Over the last ten years there has been a steady rise in the number of voters casting their ballot by post. It was in 2001 that the law was changed introducing the right to vote by post on demand rather than, as previously, where the voter had to have a specific reason not to be able to vote in person hospitalised, certain occupations, etc.).
In the recent London election almost one in four of those who voted did so by post. Not that one in four have a postal vote, that number is closer to 13%, but they are far more likely to vote. Whether that is because having the ballot pop through your letter box is more convenient or because these are a self selected group of people who asked to vote by post and are therefore much more likely to be interested in voting, it’s difficult to tell although it may well be a combination of the two. Either way postal voters are marking themselves out as prime targeting material for political parties.
In low turn out elections postal voters are around twice as likely to vote as their pop it in the box on the day counterparts, and the majority of them will vote within a few days of receiving their ballot meaning election day now stretches over a two week period.
Looking at the break down for London’s postal votes we can see a few interesting things.
First of all Livingstone polled significantly worse among postal voters than among the general population of each borough. In fact in only one borough of 33, Bexley, were Livingstone’s votes better by post than across in the borough. This may speak to a slick operation on the part of Bexley Labour but the general trend is instructive.
To some extent this mirrors the polls. Livingstone was polling more poorly when the postal ballots were sent out and his vote had rallied a little by polling day itself. Sadly for him one in four people had voted by polling day so the edge was taken off the last minute rally.
It also shows an absence of statistical evidence for large scale voter fraud, which almost always takes place by post. There have been allegations of possible fraud on behalf of Labour in Tower Hamlets and Newham but if this was the case the numbers simply do not show it. Both boroughs have lower than average numbers of postal voters and in both postal voters were less likely to vote for Ken or Labour than those who voted at the ballot box.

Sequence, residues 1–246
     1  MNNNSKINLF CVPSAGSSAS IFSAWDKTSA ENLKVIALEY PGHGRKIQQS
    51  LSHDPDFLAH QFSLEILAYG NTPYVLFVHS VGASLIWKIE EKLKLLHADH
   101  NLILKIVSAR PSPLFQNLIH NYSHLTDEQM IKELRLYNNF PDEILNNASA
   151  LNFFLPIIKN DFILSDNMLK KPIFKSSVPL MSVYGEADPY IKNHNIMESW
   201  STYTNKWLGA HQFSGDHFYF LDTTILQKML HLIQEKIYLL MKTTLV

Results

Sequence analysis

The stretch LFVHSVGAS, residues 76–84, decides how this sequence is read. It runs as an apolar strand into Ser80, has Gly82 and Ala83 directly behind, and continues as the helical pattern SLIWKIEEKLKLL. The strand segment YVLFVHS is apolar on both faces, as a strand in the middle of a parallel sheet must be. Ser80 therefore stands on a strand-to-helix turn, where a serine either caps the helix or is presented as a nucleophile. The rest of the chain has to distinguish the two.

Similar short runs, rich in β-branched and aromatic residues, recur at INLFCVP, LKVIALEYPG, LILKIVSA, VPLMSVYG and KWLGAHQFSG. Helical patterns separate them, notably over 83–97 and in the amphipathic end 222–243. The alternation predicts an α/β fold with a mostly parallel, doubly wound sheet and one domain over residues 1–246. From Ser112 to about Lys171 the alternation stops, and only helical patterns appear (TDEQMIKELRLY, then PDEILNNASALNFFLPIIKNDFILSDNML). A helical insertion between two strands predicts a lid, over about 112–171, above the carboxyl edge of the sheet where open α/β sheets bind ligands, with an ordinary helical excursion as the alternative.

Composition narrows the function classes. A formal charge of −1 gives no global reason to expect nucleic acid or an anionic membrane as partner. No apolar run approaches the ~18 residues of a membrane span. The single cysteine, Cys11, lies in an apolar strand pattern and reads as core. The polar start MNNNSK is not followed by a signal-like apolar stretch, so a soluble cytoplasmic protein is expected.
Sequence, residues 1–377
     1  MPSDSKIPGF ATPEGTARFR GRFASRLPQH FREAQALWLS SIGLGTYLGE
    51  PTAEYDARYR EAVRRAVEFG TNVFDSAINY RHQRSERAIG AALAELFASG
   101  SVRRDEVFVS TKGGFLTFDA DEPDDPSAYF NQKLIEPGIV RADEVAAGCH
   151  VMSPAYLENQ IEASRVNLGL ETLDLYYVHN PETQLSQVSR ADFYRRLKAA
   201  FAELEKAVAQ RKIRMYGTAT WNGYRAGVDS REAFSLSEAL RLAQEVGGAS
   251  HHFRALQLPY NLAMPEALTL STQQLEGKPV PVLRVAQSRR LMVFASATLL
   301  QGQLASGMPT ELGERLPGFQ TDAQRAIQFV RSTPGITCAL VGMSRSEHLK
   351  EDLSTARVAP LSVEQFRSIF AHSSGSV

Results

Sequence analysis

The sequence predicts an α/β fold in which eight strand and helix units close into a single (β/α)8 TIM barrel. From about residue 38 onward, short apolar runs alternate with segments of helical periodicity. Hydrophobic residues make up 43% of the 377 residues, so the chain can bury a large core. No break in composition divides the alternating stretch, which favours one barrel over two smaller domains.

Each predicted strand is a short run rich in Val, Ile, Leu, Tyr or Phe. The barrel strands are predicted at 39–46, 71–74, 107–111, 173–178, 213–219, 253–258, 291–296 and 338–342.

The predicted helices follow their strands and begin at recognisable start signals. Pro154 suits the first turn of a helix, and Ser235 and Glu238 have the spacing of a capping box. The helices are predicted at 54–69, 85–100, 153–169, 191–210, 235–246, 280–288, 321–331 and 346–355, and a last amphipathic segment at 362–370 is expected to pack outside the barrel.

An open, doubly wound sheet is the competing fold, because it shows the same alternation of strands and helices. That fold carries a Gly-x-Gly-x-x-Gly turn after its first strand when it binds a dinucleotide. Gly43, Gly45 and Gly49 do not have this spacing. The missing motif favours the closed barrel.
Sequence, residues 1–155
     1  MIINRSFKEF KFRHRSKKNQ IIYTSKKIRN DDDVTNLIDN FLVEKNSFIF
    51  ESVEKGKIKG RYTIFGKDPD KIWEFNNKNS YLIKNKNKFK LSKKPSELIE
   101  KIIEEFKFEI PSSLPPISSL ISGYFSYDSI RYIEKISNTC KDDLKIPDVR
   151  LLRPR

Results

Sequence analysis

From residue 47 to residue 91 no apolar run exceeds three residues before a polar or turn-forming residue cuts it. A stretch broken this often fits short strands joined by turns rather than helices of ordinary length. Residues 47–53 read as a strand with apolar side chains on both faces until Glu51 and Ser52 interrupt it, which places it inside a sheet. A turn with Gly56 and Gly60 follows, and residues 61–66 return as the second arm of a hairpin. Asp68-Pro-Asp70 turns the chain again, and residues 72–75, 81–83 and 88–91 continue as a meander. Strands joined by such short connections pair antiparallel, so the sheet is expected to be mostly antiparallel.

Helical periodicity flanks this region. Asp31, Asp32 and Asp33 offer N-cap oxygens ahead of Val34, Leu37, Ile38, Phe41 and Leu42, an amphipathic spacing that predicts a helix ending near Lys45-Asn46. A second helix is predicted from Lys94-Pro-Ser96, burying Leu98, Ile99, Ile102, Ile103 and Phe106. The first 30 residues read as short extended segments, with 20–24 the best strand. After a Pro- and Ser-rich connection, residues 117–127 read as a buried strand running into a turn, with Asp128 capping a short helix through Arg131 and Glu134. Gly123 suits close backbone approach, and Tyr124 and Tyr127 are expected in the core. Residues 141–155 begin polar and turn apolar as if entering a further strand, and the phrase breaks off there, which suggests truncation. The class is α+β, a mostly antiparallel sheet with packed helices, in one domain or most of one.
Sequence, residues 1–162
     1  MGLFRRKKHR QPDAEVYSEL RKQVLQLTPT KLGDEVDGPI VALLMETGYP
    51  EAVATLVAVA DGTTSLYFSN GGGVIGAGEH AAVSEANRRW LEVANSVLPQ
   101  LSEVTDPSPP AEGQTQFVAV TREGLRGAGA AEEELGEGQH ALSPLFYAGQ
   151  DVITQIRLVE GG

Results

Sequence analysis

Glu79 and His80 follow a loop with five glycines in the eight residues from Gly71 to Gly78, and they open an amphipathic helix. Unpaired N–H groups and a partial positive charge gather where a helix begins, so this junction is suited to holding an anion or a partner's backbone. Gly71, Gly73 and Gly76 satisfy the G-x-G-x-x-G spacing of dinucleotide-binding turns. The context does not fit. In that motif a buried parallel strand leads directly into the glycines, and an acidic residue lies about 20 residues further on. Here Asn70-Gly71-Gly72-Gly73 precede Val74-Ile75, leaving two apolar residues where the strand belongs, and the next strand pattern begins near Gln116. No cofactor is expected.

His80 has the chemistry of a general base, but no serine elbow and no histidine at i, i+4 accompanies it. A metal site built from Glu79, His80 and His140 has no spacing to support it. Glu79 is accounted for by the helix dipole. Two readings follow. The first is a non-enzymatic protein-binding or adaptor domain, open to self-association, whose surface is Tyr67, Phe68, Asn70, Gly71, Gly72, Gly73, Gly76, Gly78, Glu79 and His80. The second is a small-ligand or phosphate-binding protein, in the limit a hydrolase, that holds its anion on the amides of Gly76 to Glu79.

That does not mean that there was no small scale fraud, but there is no significant vote bump in the postal breakdown that we undoubtedly would see had there been vote stuffing.
The Conservative vote
Conventional wisdom says that postal voters are biased towards a Tory demographic. Tories tend to be a bit older for a start. This election was no exception although the whacking difference in votes, particularly for Boris is striking. In Camden, Haringey and Wandsworth there was more than a ten percent difference in favour of Boris by post than by hand.
Those more conservative demographics also saw a bump in their vote by post. The Christians and the Liberal Democrats both saw a better / less abysmal vote in the postal section, as do UKIP.
However those with more left leaning voters polled worst by post. The Greens and Siobhan Benita both under-performed by post. In the Greens case this is to be expected and has as much to do with the kind of person who votes for them as anything, but with Benita it might reflect that she struggled to raise her profile and slightly more people knew who she was come polling day than they did two weeks before.
BNP voters were less likely to understand which side of the stamp to lick or how to put the envelope in the funny box so are over represented among those who can gain assistance on how to vote at the polling station.
Below we list the proportion of postal voters by borough. It’s worth noting that the City of London is very small in total numbers of voters and many of those who vote there may well not live there for much of the year, hence the high figure.
|City of London||43.59%|
|Kingston upon Thames||31.68%|
|Richmond upon Thames||28.77%|
|Kensington & Chelsea||27.28%|
|Barking & Dagenham||26.56%|
|Hammersmith & Fulham||22.69%|